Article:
People Matters: Hiring, Retaining, and Developing Clinicians

Define Ventures Head of People Karsten Vagner sat down with Dr. Okiki Louis, President at Oscar Medical Group, Oscar Health to discuss a topic that is increasingly on the minds of digital health leaders: successfully building clinical teams at startups.

Among the many unique people challenges that digital health companies contend with, building a clinical team within a startup is among the most complex. At a time when frontline healthcare provider burnout is real and telehealth solutions are in demand more than ever, it seems like a natural solution for providers to shift their careers and join startups. But any career shift comes with complications: a startup is not a hospital, nor a health system. The work of seeing patients and providing care may be the same, but the environment is entirely different.

Karsten Vagner saw these adjustments firsthand during his three year tenure leading People at Maven Clinic. He invited Dr. Louis to join him in a conversation about this topic because of her deep experience leading clinical teams — in practices that have been around for decades, and at startups. As someone who made the adjustment from a traditional healthcare environment to startups herself, Dr. Louis shared her experience as a clinician and as a manager of clinicians. Her insights are sure to be helpful to digital health leaders looking to successfully build clinical teams.

“We set very clear expectations during the interview process,” Dr. Louis shared. This is an important — and often overlooked — step in building clinical teams. Given the competitive market and high demand in digital health for clinicians, it is easy to default to hiring quickly and hoping it all works out. But the interview process is the best time for a digital health company to make sure the candidate is right for them, and the company is right for the candidate. Setting clear expectations — this is what your day will look like, this is how we will measure your performance, this is how we communicate, this is how we compensate — is a tried and true way for a company to bring in the right people.

“Onboarding is so important because this is their first interface with what their future is going to look like.” Dr. Louis explained how at Oscar, clinician onboarding is virtual and also asynchronous to make sure the program is as robust as possible. A key part of onboarding clinicians that is different from onboarding non-clinical employees is that often, this is the clinicians’ first time working in a business. Through clinician onboarding, it is critical to educate and set context around company and team goals, modes of communication and meetings, and how (and when) performance is measured. Companies may also want to include guidance and training on their tech stack: Google Docs/Microsoft Office, Slack, intranet, and any other tool that a clinician may never have worked with before.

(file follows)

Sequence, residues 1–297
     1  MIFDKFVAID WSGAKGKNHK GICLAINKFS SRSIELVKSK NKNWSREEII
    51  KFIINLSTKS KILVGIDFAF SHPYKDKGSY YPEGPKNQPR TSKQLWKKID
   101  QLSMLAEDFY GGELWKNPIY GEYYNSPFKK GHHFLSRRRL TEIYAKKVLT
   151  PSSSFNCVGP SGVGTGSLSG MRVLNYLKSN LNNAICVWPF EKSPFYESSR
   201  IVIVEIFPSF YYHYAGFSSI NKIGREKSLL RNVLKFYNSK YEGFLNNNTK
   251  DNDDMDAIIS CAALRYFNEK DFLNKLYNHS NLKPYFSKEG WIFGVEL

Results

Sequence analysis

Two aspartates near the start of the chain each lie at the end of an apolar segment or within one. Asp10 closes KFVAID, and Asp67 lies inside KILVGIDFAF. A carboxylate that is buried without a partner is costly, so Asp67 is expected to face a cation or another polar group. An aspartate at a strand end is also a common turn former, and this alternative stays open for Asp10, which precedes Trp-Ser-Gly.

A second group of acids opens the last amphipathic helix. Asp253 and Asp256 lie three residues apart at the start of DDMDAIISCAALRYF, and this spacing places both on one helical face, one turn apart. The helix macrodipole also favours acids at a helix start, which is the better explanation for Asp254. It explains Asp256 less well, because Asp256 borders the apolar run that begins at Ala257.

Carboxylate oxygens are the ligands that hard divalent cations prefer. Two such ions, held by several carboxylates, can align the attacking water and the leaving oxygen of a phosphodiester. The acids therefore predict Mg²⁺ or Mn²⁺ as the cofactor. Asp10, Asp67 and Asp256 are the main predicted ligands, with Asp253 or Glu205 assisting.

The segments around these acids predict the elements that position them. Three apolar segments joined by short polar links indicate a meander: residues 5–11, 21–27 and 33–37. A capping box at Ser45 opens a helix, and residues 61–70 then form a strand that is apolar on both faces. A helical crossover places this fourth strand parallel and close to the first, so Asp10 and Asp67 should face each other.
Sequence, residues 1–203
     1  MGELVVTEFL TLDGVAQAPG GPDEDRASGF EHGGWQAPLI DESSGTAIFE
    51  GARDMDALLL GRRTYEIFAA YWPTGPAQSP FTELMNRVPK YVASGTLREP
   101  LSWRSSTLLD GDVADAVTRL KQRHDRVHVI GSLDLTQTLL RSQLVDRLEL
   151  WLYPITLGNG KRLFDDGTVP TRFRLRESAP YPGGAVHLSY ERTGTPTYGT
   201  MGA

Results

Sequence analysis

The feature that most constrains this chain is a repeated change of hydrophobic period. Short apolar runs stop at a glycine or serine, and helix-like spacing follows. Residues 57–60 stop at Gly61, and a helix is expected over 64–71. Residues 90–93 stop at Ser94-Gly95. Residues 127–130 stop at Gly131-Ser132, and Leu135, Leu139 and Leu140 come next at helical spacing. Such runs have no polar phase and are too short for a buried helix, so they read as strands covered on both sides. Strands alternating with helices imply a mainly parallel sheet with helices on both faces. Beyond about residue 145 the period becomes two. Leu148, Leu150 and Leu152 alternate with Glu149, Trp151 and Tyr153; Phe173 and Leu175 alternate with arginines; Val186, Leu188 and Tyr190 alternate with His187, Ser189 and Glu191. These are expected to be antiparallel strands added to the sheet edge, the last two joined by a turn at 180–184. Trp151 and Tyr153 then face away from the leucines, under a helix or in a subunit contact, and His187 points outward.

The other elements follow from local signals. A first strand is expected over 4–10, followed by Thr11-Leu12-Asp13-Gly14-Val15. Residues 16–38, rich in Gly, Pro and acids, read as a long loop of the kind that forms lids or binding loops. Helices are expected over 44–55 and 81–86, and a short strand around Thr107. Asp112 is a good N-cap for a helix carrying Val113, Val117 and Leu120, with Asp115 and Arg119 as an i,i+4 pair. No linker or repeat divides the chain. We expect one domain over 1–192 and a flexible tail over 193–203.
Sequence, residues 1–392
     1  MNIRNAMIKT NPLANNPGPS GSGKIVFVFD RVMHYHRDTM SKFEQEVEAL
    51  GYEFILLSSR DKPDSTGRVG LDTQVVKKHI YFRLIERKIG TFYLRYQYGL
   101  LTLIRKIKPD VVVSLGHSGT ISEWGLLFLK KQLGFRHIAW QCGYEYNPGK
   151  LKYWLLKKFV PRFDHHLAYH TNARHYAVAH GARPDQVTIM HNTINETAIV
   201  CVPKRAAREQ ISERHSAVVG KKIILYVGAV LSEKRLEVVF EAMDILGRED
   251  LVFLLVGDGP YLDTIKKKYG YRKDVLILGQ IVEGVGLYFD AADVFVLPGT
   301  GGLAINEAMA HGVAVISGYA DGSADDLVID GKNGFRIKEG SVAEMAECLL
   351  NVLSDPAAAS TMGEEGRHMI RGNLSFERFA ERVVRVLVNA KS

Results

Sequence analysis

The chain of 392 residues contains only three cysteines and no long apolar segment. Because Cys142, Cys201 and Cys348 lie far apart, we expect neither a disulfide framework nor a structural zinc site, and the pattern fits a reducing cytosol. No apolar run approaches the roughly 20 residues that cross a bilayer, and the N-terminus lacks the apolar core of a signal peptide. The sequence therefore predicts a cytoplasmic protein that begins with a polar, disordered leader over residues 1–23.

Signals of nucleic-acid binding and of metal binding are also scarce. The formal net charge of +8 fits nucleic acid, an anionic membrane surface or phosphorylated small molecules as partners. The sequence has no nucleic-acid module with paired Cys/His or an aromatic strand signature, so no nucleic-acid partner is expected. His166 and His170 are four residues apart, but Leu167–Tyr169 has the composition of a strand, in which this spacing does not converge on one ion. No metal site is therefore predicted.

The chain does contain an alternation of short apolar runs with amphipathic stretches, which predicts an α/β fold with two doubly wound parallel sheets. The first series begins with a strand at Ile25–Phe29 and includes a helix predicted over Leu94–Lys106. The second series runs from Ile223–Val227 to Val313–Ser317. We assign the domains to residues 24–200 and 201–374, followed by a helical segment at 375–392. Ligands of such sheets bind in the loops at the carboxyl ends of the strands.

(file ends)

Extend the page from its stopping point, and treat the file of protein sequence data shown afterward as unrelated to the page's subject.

While most HR teams at startups are used to onboarding new hires, most of those new hires have come from startups, or other businesses. Onboarding clinicians — who are coming directly from hospitals or clinics — takes an extra level of thoughtfulness. The tools, vocabulary, and style of working can be a big adjustment all at once. Making sure clinicians understand the tech ecosystem — What is a board? What is equity? What is a fundraise? What is hypergrowth? — will only help them succeed faster and more easily.

“Clinicians don’t go into medicine thinking that they’re going to have a boss.” Dr. Louis gave her thoughts on how to manage clinicians well, sharing that first and foremost in a manager, she looks for clinical excellence. In addition, “you need someone who is an excellent communicator, is able to share the vision, and connect clinicians to the vision.” She went on to say that while it’s important to have managers of clinicians who can connect well with people, it is just as important to have managers who are unafraid of conflict and can hold people accountable. She reminded the audience that clinicians are used to having evidence and data, so any manager of clinicians should set very clear standards and expectations of success that are rooted in data.

Dr. Louis shared that at Oscar, clinicians are given scorecards quarterly. Beginning in onboarding, she and her team are transparent with clinicians about the evidence-based metrics they will be held accountable to. “We’ve been able to improve our outcomes quarter over quarter using these evidence-based metrics. Those scorecards are critical to performance management.”

In addition to discussing the interview process, onboarding, and finding the right managers for clinicians, Dr. Louis stressed the importance of documentation. In measuring success, managing performance, and in helping clinicians develop, documentation is key. “I write out my performance discussion before I meet the provider so it’s very clear to me what my coaching is going to be, and so I can email the provider immediately after the discussion is done.” Many managers default to feedback verbally in person or over video. The problem with that model is that memories aren’t perfect and sometimes, both parties end up leaving the conversation remembering only what they want to hear. Documenting feedback is critical in managing, coaching, and helping develop clinicians. And anyone else.